• @JohnnyB yes, but the Kalman filter is normally not necessary to forecast a MA(1). So this could be done without the Kalmna filter and it is pretty simple: Just use the given formula and calculate it the R code does. But this does not work, since most statistical packages use the Kalman filter for the initialization period. The first "shock", or call it error is not known, since you have no estimate for this. Normally, people set the observation equal to the fitted values, so the shock would be equal to zero. – Jen Bohold May 22 '13 at 17:17

In terms of where those particular numbers come from, this seems to do the trick:

> x - m$residuals Time Series: Start = 1 End = 3 Frequency = 1 [1] 3.060660 4.387627 3.000000  Or > x + (m$residuals * ma1)
Time Series:
Start = 1
End = 3
Frequency = 1
[1] 3.060660 4.387627 3.000000


I don't know in what sense these are meant to be the 'fitted' values (maybe someone else can help?). For an ARIMA model our explanatory data are also our fitted values.

Our estimator for $Y_k$ given the history up to time $T$, $H_T$, where $T>k$, is $\hat y_k = \mathbb E [Y_k | H_T ] = y_k$, i.e. we already have the answer in the process history. So we have to ask, our fitted values anchored at what time? For a length $T$ series I guess there would be $T$ possible fitted values for each point.

If anyone asks, based on having the data $y_{1:T}$ what's the best estimate of $y_k$ - seems there's only one pragmatic answer, $y_k$. The residuals are interesting in the sense that if they're massive relative to the data, that's saying something about the magnitude of the process variance.

• seriously, that is not an answer, because still the question is, how those values are generated? So where do the residuals come from, how can one calculate them manually? – Jen Bohold May 22 '13 at 15:43
• @conjectures downvote, because: Asking for the fitted values is indeed the same problem as asking for how to compute the residuals. Normally, the way is to 1. Set an initial value for the a_0, normally this is zero. 2. Compute the next fitted value and so on. So the fitted values imply, that you know the data up to the previous data point. So at T you know T-1. Normally, forecasting MA(1) isn't that hard anymore, just X_{t+1}=constant+theta*a_{t}. But this does not work here, even without the problem of not knowing the inital value you could check this by using the second value: – Stat Tistician May 22 '13 at 15:47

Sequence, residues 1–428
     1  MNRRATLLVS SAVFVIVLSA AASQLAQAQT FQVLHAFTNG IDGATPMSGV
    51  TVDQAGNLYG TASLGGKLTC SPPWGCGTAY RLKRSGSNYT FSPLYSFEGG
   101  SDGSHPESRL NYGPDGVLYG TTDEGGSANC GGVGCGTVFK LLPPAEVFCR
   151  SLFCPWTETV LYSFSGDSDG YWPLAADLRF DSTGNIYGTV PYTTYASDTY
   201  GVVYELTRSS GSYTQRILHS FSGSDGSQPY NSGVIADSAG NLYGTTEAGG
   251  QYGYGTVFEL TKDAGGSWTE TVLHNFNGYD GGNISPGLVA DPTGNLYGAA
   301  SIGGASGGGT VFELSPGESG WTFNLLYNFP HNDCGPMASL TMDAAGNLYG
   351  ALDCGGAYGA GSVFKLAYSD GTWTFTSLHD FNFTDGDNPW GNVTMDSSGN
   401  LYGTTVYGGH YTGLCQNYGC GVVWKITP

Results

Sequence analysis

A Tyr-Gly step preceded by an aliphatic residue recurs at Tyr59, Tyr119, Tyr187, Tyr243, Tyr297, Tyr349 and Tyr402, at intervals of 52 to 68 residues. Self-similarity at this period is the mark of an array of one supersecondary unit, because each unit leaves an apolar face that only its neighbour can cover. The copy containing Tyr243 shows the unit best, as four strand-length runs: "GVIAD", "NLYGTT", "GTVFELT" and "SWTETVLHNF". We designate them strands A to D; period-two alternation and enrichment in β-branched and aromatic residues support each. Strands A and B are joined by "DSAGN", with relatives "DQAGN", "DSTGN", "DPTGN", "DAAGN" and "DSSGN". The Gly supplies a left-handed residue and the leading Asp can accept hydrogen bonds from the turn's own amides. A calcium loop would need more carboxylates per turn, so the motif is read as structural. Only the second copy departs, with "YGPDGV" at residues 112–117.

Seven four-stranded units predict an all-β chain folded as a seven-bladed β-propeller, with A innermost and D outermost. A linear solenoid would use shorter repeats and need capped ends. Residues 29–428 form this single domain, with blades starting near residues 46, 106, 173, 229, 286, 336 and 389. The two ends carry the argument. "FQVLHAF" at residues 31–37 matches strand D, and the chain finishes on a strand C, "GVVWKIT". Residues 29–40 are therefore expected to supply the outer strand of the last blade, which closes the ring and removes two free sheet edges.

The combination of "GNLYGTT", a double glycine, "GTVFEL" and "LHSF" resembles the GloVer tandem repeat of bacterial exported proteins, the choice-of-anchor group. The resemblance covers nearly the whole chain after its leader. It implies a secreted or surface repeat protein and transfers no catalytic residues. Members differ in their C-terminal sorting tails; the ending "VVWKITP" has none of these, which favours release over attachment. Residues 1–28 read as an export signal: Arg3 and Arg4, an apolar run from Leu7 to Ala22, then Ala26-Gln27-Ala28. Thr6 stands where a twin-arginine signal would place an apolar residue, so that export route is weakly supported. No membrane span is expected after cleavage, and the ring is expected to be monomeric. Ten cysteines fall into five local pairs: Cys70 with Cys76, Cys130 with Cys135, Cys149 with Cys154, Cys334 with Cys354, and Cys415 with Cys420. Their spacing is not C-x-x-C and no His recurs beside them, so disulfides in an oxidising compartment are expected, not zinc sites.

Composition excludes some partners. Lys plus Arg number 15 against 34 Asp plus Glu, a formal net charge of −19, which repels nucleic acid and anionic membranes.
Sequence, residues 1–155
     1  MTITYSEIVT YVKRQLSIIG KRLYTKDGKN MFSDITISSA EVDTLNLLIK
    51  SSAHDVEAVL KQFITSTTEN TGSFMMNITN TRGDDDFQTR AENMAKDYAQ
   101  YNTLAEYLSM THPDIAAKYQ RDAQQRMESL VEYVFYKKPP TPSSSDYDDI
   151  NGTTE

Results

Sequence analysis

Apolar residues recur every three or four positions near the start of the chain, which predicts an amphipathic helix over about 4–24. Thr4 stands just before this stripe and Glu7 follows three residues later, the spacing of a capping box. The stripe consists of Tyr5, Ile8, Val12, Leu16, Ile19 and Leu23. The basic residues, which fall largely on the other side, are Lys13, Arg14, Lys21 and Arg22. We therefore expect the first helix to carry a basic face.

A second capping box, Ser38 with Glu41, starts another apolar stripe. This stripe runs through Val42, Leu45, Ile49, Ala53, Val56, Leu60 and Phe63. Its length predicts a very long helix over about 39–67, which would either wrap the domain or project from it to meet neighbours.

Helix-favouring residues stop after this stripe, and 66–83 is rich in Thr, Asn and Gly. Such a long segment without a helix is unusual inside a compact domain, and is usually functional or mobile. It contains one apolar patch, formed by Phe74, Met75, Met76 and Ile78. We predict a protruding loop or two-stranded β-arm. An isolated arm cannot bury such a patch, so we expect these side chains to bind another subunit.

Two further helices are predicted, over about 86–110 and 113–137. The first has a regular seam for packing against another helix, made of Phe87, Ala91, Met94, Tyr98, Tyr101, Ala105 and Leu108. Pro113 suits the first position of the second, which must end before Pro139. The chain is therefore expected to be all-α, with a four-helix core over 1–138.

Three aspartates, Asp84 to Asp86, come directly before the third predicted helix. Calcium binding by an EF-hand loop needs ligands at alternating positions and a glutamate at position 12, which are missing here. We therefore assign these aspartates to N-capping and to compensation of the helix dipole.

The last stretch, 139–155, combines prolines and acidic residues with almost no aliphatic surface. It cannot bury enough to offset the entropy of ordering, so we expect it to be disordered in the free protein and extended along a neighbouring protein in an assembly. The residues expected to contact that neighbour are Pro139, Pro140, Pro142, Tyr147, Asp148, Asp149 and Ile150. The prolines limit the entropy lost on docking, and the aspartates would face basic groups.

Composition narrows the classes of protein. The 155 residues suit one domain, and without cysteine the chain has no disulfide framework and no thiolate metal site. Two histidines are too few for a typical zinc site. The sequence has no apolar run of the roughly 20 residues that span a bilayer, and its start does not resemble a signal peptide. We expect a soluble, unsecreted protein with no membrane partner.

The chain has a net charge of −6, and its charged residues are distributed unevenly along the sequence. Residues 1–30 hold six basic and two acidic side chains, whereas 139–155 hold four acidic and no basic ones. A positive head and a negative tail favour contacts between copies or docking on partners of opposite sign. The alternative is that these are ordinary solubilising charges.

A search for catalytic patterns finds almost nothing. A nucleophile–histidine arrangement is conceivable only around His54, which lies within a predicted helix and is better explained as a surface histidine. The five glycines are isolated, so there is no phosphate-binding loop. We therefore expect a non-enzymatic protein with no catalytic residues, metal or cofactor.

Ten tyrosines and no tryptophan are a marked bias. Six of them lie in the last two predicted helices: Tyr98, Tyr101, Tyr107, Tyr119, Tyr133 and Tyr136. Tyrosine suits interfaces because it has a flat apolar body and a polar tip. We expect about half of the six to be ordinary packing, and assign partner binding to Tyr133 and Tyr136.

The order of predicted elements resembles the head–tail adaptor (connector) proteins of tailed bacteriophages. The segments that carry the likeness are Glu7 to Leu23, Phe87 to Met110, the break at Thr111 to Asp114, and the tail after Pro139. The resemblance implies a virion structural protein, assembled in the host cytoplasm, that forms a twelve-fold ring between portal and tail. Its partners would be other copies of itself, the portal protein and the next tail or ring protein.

• @all 4.387627 = 3.5 + (-1)*(5-3.060660) or 4.387627 = 3.5 - (-1)*(5-3.060660) but this does not work. – Stat Tistician May 22 '13 at 15:48
• @Jen The origin of the residuals is explained in the arima docs (Kalman filter). So I've replaced an unkown with something that can be tracked down. The fitted function is from a different library - I think we need to wonder why. – conjectures May 22 '13 at 16:05
• @conjectures that is right, normally this in-sample approach would not be good, but that is not the point. JohnnyB just wants to understand how the fitted values are generated, as far as I have understand him correctly. The way of Stat Tistician is indeed correct - I implemented this, but the values differ slightly, because of the Kalman initialization. – Jen Bohold May 22 '13 at 16:35